Chevrolet Impala from 1960.
The Chevrolet Impala is a full-size car built by Chevrolet for model years 1958 to 1985, 1994 to 1996, and 2000 to 2020. The Impala was Chevrolet’s popular flagship passenger car and was among the better-selling American-made automobiles in the United States.
For its debut in 1958 the Impala was distinguished from other models by its symmetrical triple taillights. The Chevrolet Caprice was introduced as a top-line Impala Sport Sedan for model year 1965, later becoming a separate series positioned above the Impala in 1966, which, in turn, remained above the Chevrolet Bel Air and the Chevrolet Biscayne. The Impala continued as Chevrolet’s most popular full-sized model through the mid-1980s. Between 1994 and 1996 the Impala was revised as a 5.7-liter V8–powered version of the Chevrolet Caprice Classic sedan.
In 2000, the Impala was reintroduced again as a mainstream front-wheel drive car. As of February 2014, the 2014 Impala ranked No. 1 among Affordable Large Cars in U.S. News & World Report’s rankings. When the 10th generation of the Impala was introduced for the 2014 model year the 9th generation was rebadged as the Impala Limited and sold only to fleet customers through 2016. During that time both versions were sold in the United States and Canada. The 10th-generation Impala was also sold in the Middle East and South Korea.
First generation (1958)
For 1958 GM was promoting their 50th year of production, and introduced anniversary models for each brand; Cadillac, Buick, Oldsmobile, Pontiac, and Chevrolet. The 1958 models shared a common appearance on the top models for each brand; Cadillac Eldorado Seville, Buick Limited Riviera, Oldsmobile Starfire 98, Pontiac Bonneville Catalina, and the Chevrolet Bel-Air Impala.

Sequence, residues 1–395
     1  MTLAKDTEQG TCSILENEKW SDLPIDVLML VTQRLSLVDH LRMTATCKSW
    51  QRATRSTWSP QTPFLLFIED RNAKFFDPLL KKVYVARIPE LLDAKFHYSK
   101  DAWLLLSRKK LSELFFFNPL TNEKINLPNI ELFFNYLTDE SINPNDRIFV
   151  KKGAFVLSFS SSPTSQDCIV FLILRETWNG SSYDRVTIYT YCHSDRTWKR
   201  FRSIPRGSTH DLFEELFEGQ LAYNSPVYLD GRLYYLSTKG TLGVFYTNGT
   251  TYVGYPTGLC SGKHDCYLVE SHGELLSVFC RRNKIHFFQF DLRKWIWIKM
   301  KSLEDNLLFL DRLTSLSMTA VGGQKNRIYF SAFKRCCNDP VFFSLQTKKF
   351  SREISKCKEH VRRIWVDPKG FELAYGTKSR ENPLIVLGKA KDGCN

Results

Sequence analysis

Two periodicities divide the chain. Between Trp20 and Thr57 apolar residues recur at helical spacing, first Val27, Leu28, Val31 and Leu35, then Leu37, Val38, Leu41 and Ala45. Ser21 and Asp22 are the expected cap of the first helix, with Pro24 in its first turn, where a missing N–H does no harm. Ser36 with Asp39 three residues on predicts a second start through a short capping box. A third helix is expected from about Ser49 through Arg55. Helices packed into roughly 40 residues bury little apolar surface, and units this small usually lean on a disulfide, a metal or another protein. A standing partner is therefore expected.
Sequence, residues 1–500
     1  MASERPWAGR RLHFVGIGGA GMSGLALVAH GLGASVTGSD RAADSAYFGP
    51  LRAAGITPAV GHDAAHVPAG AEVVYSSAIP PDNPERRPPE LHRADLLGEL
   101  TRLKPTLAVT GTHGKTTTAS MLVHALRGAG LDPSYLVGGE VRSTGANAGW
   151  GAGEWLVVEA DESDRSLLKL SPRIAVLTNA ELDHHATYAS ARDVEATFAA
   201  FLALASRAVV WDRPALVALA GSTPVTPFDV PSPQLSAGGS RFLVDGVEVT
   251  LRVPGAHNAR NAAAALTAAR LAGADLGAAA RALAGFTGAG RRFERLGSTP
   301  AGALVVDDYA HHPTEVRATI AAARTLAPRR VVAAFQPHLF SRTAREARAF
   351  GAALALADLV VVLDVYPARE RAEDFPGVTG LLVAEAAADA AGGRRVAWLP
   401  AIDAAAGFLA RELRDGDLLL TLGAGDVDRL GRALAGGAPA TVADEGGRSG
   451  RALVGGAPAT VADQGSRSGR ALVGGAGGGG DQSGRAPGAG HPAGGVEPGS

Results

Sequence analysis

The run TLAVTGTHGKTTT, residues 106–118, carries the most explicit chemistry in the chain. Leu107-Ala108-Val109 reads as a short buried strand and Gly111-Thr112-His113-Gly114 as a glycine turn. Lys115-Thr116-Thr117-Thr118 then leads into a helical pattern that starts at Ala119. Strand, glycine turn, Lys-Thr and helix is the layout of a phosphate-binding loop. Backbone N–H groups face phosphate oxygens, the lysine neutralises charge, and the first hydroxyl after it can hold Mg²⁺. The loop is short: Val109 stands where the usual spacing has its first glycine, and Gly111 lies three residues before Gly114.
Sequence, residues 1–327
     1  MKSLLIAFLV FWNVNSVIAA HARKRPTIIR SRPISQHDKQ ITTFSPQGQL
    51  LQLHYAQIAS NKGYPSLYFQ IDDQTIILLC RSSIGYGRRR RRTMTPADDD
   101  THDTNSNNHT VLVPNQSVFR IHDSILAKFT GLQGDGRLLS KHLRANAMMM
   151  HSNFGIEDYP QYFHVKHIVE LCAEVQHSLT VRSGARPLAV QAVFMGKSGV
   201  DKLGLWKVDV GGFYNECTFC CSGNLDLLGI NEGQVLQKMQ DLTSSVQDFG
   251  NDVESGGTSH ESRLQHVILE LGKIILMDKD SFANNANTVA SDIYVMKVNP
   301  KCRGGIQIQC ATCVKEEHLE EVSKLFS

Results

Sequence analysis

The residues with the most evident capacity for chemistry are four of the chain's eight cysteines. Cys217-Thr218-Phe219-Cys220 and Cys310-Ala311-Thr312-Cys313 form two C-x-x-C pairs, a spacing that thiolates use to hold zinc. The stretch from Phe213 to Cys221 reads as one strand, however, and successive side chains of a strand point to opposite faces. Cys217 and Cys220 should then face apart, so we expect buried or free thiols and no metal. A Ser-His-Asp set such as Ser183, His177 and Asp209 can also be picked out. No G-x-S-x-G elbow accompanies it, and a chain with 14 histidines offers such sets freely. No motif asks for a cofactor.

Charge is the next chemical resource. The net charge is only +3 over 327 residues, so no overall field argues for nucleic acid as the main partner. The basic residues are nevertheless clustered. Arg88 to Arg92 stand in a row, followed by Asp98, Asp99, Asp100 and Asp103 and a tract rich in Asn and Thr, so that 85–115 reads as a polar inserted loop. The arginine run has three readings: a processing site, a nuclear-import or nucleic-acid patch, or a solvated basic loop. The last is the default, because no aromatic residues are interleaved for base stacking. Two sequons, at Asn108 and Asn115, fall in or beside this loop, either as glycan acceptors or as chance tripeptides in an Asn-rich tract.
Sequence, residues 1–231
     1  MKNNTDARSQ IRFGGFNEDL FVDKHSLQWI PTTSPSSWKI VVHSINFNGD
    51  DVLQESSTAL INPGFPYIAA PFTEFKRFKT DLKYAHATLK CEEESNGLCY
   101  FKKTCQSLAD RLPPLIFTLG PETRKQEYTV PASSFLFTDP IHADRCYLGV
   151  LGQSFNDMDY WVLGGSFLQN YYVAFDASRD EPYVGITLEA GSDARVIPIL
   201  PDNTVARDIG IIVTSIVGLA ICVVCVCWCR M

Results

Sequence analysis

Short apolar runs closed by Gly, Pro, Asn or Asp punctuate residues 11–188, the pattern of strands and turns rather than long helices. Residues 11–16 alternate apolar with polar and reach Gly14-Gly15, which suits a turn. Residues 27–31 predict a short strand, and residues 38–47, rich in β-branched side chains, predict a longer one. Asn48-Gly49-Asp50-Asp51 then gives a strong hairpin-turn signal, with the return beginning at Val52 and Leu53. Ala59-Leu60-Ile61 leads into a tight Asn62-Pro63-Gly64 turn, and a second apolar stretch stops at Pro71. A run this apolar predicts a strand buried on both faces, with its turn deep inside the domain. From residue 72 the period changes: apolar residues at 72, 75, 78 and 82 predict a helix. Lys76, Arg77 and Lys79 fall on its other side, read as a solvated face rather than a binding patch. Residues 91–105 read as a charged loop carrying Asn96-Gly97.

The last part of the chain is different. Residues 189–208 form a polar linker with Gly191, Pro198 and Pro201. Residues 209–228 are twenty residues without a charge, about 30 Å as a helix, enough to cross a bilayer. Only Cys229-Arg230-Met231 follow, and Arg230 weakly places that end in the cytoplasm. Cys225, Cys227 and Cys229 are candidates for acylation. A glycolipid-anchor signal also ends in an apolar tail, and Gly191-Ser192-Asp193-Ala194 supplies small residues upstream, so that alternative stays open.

The Impala was introduced for the 1958 model year as top-of-the-line Bel Air 2-door hardtops and convertibles. From the windshield (A) pillar rearward the 1958 Bel Air Impala differed structurally from the lower-priced Chevrolet models. Hardtops had a slightly shorter greenhouse and longer rear deck. The wheelbase of the Impala was longer than the lower-priced models, although the overall length was identical. Interiors held a two-spoke steering wheel and color-keyed door panels with brushed aluminum trim. No other series included a convertible.
A 283 cu in (4,640 cc) engine was the standard V8, with ratings of 185 hp (138 kW), 230 hp (170 kW), and 250 hp (190 kW) with optional Rochester Ramjet fuel injection. Two versions of Chevrolet’s 348 cu in (5,700 cc) V8, its first big-block, were also optional, producing 250 hp (190 kW) with a single four-barrel carburetor and 280 hp (210 kW) with three two-barrels.
In total, 55,989 Impala convertibles and 125,480 coupes were built representing 15% of Chevrolet production. The 1958 Chevrolet Bel Air Impala helped Chevrolet regain the number-one production spot in this recession year.